Managing different security and safety programs, documentation and audits is not a new challenge for maritime operators. A novelty, however, is that Cyber Risk Management is to be included in the Safety Management System (SMS) and will be part of the annual Document of Compliance (DOC) audits as per 1 January 2021.

Cyber Security itself must be a horizontal activity that spans the whole organisation both on- and offshore. Everything is becoming more connected and automated, and Cyber Security is not a separate IT project, but must rather be integrated into operations, business, and management. To prioritise cyber security and delegate enough resources to its implementation and maintenance, top management must have a thorough understanding of its overall functions and its parts as well as a deep-seated engagement in its realization.

 

And what about Pen testing?

Penetration testing, or also called pen testing or ethical hacking, is when you “book a hacker” to test your computer system, network, or web application to find security vulnerabilities that could be exploited by an attacker with malicious objectives. There are obviously many methods and techniques for carrying out a pen test, and the optimal time to carry out such a project depends on the overall situation as well as its maturity and objective. While a pen test itself may not directly increase security, it can give some important insights on certain critical vulnerabilities that need to be addressed. A pen test could be the perfect activity to take on after implementing, developing, or establishing security measures as quality assurance of the work done.

 

A simple checklist of advanced tasks

The list of actions that should be carried but depends on the organisation as well as its resources and maturity and may as such be not simple to compile. Nevertheless, as a rule of thumb, the following should be included:

  1. Carry out a current state analysis on technical structures, systems and devices, policies and procedures, organisation, and management both ashore and on board.
  2. Identify risks in IT and OT systems, assets, and data, to categorize, analyse in relation to risks on operations and safety.
  3. Implement technical and procedural measures to manage identified risks and to detect, protect against and respond to cyber threats and risks.
  4. Ensure adequate cyber security training and raise awareness within the organisation.

 

A continuous process

As with other security and safety programs, establishing and maintaining cyber security measures and programs is about a continuous process that is to be incorporated within the recurring activities of the organisation. It is not a project that starts and ends, but rather a process of continuous improvement that will require investments of both time and money.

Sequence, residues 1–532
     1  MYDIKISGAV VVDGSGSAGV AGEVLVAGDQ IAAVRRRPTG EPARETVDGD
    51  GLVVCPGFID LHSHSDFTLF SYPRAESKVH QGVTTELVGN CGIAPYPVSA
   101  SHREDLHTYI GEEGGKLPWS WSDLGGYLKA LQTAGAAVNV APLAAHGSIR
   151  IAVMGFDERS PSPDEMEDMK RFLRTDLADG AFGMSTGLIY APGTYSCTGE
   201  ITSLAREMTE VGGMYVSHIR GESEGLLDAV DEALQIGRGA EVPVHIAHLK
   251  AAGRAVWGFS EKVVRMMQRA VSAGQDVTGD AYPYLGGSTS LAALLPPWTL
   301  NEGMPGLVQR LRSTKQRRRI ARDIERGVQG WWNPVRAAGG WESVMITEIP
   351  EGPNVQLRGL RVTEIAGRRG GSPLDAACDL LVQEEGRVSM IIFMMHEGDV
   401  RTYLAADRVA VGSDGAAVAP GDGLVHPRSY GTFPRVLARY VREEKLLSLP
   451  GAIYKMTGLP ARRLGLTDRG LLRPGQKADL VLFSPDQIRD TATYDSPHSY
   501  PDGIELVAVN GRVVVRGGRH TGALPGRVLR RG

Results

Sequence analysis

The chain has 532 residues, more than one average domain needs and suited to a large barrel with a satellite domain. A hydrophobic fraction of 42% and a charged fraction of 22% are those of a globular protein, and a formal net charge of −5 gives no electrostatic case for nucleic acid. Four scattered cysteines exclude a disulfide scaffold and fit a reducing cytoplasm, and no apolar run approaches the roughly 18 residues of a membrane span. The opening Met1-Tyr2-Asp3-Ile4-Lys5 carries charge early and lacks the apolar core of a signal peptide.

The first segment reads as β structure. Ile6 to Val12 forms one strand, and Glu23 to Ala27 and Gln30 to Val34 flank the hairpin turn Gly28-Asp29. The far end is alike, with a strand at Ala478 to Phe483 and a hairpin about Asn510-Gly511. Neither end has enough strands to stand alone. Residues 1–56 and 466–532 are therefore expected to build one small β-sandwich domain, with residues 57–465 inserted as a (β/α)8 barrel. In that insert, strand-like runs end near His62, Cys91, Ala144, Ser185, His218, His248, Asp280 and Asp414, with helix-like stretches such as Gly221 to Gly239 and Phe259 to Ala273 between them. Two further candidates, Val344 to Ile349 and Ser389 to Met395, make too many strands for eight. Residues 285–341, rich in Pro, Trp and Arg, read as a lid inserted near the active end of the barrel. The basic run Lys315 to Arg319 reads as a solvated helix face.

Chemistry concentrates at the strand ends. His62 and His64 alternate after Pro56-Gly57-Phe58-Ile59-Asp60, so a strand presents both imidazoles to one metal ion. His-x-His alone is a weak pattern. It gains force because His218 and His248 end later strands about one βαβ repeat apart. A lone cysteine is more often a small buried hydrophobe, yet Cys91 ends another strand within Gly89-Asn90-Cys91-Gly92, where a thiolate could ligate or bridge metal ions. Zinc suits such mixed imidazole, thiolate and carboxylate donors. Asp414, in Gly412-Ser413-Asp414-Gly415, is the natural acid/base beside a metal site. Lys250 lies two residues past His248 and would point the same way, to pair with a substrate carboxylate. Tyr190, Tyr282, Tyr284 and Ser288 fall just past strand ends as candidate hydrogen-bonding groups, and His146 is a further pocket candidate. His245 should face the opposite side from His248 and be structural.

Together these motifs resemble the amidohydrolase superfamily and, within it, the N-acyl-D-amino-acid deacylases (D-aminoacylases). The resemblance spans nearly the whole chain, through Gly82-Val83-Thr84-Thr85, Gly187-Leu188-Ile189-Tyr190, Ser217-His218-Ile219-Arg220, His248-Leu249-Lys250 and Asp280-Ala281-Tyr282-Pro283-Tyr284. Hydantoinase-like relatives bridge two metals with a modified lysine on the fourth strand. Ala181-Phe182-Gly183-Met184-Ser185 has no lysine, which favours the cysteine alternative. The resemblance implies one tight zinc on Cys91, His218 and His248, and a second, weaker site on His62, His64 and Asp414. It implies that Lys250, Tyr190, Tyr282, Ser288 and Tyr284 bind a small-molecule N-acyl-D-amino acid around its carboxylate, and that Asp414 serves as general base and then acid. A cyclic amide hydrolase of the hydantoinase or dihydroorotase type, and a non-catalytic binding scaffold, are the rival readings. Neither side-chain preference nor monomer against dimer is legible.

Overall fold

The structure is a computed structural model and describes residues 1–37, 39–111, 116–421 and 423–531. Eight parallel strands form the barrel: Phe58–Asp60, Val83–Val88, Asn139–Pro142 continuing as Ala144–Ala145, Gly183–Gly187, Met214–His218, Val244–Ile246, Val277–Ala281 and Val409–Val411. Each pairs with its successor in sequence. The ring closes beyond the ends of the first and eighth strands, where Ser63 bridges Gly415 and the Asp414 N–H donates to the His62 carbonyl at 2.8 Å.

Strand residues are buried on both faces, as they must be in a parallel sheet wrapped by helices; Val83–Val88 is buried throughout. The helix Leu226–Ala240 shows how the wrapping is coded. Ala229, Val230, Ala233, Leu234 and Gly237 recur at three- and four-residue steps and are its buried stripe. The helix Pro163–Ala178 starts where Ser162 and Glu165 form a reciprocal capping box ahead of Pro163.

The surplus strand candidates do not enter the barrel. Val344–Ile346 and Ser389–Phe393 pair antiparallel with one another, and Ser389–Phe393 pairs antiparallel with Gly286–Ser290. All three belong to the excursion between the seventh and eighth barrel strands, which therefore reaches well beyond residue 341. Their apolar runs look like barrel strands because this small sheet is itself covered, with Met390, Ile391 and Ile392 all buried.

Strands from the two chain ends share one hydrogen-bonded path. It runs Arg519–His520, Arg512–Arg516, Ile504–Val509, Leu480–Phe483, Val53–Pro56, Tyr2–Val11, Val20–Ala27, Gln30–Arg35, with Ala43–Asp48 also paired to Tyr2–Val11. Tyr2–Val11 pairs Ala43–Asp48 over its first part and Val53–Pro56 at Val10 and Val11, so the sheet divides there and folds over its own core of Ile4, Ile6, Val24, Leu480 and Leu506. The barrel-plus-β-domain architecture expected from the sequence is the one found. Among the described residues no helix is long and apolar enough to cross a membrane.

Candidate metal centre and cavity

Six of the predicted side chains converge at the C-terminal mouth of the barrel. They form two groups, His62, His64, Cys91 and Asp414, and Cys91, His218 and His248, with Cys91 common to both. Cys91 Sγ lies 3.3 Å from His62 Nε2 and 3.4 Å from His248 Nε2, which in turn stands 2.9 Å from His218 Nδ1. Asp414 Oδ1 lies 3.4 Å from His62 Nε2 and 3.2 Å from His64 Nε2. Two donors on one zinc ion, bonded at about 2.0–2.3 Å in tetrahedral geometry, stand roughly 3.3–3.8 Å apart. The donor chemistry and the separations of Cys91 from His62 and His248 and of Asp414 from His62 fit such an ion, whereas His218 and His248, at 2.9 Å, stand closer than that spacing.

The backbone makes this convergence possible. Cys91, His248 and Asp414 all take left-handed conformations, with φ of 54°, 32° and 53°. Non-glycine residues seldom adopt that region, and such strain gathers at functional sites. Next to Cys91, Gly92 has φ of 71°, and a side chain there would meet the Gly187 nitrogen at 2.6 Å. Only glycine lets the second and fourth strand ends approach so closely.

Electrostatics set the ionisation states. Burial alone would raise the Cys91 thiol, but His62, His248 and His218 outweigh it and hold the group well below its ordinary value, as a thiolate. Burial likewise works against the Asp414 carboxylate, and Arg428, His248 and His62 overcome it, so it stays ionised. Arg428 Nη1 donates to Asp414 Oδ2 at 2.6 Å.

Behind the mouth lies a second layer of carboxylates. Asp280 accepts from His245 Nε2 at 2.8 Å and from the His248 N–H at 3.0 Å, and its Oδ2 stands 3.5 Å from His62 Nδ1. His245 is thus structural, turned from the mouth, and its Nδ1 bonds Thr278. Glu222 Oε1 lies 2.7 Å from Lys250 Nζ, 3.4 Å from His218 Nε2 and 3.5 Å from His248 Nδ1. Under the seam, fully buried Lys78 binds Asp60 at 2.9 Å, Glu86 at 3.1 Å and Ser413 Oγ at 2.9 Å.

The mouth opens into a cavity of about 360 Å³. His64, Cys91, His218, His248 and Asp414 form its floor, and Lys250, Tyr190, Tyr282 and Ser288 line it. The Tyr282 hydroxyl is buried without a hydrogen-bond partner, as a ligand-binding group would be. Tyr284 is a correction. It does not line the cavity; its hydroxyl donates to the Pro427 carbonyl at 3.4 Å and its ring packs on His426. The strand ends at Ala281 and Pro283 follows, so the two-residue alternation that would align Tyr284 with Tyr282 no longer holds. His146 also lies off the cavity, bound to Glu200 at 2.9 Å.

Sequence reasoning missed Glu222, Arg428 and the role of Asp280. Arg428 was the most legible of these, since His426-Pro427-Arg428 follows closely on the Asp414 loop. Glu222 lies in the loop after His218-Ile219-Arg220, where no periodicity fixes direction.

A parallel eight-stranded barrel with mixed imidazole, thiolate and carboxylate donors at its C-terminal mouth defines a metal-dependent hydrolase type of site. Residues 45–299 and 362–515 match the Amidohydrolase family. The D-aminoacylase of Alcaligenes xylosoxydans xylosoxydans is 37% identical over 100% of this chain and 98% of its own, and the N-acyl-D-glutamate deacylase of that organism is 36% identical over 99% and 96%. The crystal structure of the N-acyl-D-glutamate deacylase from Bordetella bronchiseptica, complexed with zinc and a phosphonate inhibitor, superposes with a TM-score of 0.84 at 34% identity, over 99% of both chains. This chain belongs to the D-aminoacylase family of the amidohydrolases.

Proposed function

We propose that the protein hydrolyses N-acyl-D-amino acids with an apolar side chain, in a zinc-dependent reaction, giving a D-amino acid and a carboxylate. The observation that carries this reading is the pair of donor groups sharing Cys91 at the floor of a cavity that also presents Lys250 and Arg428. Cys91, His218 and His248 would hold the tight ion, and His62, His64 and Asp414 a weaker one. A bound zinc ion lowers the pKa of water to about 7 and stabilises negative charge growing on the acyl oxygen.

Recommended reading:

 

Security and safety is much more than compliance

Cyber Risk Management must be included in the Safety Management System (SMS) and comply with the relevant documentation requirements. But Cyber Security is about awareness, culture, and behavior of your employees; a defined process compiled of clear steps for carrying out tasks; and the technology used to accomplish, speed up, or boost the impact of the security goals.

Managing Cyber Security is not a new IT project, nor is it about ensuring compliance or installing new software or systems. It is a complex and continuous process that must be integrated with working tasks on all levels and maintained with the help of management through all employees by raising awareness and providing the right means for its realization. In other words, cyber security is not a onetime effort. And it can certainly not be ordered and installed like a piece of equipment.

 

 

 

 

MARITIME CYBERSECURITY – ON LAND, PORT AND SEA

Deductive Labs Ab Ltd, an experienced and specialised partner for maritime cybersecurity services and effective solutions to companies and organizations.

We offer security assessment and penetration testing services in order to find weaknesses and vulnerabilities in your environment. Our security management and advisory services assist your organisation in maintaining information security and establish governance, risk and compliance procedures to ensure your organisation complies with national and maritime regulations. We also provide security awareness training services to increase your organization’s cyber awareness.

Additionally we offer various cybersecurity solutions covering areas like vulnerability management, identity and access management, log management and security analysis. 

Our references in the maritime sector ranges from passenger ferry operators and large international transport companies, to insurance companies and training centers. 

Deductive Labs is headquartered in Mariehamn (Finland) and has offices in Vaasa (Finland) and Utrecht (NL). The company’s operations are divided into two main areas: IT Security Services and Maritime Cyber Security Services.

Link: https://deductivelabs.com/maritime-cyber-security/